In the era of eSports, more and more popular sports leagues around the world are looking to get in on the action. Since Atari released Pong back in 1972, it became clear that live sports would be a pivotal aspect of gaming culture.
Today, simulations remain some of the highest-performing video game series, from FIFA to PGA Tour. With some counting even Rocket League as a simulation, it’s clear sports-based games aren’t going anywhere. Still, that doesn’t mean every sport has gotten a fair shake when it comes to virtual iterations.
Baseball, compared to sports like soccer and football, has received less attention than other major leagues. This isn’t too surprising — even in the realm of live sports, baseball tends to stand alone. Fans and pundits tend to be more stats-obsessed than other sports. In fact, baseball helped usher in an era of data-driven athletics.
In real life, pundits pore over reports to look for hints hidden within the data, then forecast MLB picks throughout the season. Fans, in the meantime, will make their own predictions in fantasy leagues with friends. Clearly, the emphasis is on data-driven decisions, which doesn’t translate well for simulation video games.
The MLB is looking to change this. Last year, the league launched its very first eSports competition for its MLB The Show game, titled MLB The Show Players League.
Building on the Madden Championship Series & NBA 2K League
The MLB The Show Players League, co-hosted by Sony Interactive Entertainment, contracted 30 top players to represent each MLB franchise. From there, the players competed in 29 games against all other players. From there, the recognizable format saw eight teams head into the playoffs that culminated in a virtual World Series.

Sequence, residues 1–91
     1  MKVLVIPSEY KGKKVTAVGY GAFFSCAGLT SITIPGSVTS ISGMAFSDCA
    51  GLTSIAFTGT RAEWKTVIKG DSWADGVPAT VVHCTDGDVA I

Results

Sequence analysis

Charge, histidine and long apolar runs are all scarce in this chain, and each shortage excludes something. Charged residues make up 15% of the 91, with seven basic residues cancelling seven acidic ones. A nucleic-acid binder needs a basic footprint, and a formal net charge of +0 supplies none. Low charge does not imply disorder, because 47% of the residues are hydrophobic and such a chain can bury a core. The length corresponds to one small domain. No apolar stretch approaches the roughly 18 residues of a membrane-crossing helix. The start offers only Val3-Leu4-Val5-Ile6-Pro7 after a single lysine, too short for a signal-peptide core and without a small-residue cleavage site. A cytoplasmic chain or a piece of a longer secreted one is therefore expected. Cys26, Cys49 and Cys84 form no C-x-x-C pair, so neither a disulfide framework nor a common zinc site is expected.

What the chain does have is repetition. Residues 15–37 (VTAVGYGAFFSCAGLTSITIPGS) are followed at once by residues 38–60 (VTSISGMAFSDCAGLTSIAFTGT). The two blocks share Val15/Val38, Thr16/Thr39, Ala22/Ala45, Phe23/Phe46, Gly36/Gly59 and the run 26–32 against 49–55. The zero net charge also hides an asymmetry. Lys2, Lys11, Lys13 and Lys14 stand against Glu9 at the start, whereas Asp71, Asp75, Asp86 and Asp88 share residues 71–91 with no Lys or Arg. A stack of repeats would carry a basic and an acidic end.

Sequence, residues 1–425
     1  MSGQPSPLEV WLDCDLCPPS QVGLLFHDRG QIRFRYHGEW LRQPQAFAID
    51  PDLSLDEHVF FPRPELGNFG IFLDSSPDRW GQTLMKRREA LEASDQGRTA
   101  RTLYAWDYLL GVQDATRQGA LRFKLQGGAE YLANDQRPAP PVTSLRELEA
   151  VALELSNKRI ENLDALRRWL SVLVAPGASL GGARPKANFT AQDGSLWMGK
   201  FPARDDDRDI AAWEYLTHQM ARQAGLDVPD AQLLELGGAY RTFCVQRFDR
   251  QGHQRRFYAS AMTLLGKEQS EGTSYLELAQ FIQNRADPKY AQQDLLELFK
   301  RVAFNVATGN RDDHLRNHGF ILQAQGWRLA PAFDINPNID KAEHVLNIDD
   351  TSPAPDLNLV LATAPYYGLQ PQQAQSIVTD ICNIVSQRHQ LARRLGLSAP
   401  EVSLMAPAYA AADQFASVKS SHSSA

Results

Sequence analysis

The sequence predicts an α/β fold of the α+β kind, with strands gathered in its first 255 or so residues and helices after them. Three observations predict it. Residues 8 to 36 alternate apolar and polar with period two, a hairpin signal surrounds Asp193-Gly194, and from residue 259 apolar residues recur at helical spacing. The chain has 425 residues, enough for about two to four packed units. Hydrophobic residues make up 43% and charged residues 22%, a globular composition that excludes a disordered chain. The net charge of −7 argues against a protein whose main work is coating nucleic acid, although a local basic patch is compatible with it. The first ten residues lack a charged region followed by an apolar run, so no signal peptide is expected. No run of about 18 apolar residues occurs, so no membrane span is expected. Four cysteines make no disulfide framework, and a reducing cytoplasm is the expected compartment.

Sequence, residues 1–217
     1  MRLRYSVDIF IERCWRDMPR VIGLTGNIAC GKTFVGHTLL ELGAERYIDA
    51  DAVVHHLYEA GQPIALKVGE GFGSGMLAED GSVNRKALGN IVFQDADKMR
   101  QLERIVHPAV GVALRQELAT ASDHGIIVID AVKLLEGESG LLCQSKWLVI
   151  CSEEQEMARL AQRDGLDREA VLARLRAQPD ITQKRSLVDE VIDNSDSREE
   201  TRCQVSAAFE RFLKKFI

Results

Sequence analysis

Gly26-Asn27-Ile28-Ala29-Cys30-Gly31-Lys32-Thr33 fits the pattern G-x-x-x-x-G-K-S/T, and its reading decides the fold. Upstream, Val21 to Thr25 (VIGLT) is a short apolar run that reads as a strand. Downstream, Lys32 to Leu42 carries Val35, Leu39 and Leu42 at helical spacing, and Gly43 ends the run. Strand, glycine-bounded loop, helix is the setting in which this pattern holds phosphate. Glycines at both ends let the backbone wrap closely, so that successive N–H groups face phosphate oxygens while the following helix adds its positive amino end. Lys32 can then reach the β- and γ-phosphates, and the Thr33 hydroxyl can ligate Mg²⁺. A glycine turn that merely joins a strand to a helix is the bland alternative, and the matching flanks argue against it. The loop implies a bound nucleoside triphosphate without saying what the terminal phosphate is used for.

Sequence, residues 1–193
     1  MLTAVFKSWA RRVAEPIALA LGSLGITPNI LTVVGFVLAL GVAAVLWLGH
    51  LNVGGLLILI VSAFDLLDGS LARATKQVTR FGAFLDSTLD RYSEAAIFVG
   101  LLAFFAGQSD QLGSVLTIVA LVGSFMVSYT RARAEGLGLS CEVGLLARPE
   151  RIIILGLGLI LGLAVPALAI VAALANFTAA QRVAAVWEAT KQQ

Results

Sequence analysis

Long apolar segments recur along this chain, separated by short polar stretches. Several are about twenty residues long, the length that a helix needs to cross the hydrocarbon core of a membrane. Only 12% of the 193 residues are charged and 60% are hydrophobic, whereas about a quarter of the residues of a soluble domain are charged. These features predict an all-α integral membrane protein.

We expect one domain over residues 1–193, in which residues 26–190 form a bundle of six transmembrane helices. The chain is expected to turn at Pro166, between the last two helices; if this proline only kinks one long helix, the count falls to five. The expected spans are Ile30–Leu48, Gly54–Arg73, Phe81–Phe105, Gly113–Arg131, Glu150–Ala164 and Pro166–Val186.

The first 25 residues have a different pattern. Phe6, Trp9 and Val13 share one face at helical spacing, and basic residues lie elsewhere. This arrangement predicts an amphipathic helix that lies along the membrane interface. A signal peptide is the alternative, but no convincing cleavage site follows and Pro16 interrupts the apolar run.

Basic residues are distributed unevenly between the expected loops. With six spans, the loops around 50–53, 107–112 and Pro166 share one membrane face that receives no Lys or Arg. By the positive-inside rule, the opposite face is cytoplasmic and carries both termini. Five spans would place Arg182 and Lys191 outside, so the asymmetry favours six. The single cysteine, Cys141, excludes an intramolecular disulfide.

The competition was familiar to other sports-gaming fans, who have likely already heard of successful eSports tournaments like the NFL’s Madden Championship Series and the NBA’s 2K League. Both are big-money endeavors for eSports players and leagues alike; Madden offers $1.65 million in prize money annually, while the NBA 2K League literally drafts and houses star gamers, offering a minimum of $32,000 for players.
In both scenarios, the NBA and the NFL select elite gamers and teams to compete in a format that closely mirrors live regular season play. The MLB’s variation differed slightly; it came on the heels of a shortened 2020 season, which led organizers to consider the competition series differently.
Rather than contract star gamers, the MLB relied on its own star athletes. From April 10th to May 3rd (2020), the MLB broadcasted the games on streaming platforms and television channels for a total of 435 games. The format worked wonders, bringing in 35 million views and giving fans something to chew on as they waited on the season to start.
A Tiny Piece of the Pie
Though the MLB The Show Players League was a hit amongst fans, there’s no word on a continuing series from the league. Though many fans held out that there would be a new roster of real-life players, others are now wondering if MLB The Show has the chops to join other top sports simulations in the eSports arena
It’s likely the MLB has plans to launch its own eSports league—though it will first have to find a way to contract top gamers like the NBA 2K League, rather than draw talent from its own baseball rosters. Even if the MLB succeeds, it will only be taking home a small margin of total eSports revenue.
Newzoo predicts the global eSports industry will be worth nearly $2 billion by next year. Games like League of Legends and Fortnite command the public’s attention, with sports simulations lagging far behind. However, there are clear signs the MLB is looking to expand.
This year’s release, MLB The Show 21 is available on four consoles, PS4, PS5, Xbox One, and Xbox X/S. This is a first for the series, which has historically only been released for PlayStation. More options mean more gamers have access to the baseball simulation, which could help foster interest in an eSports league.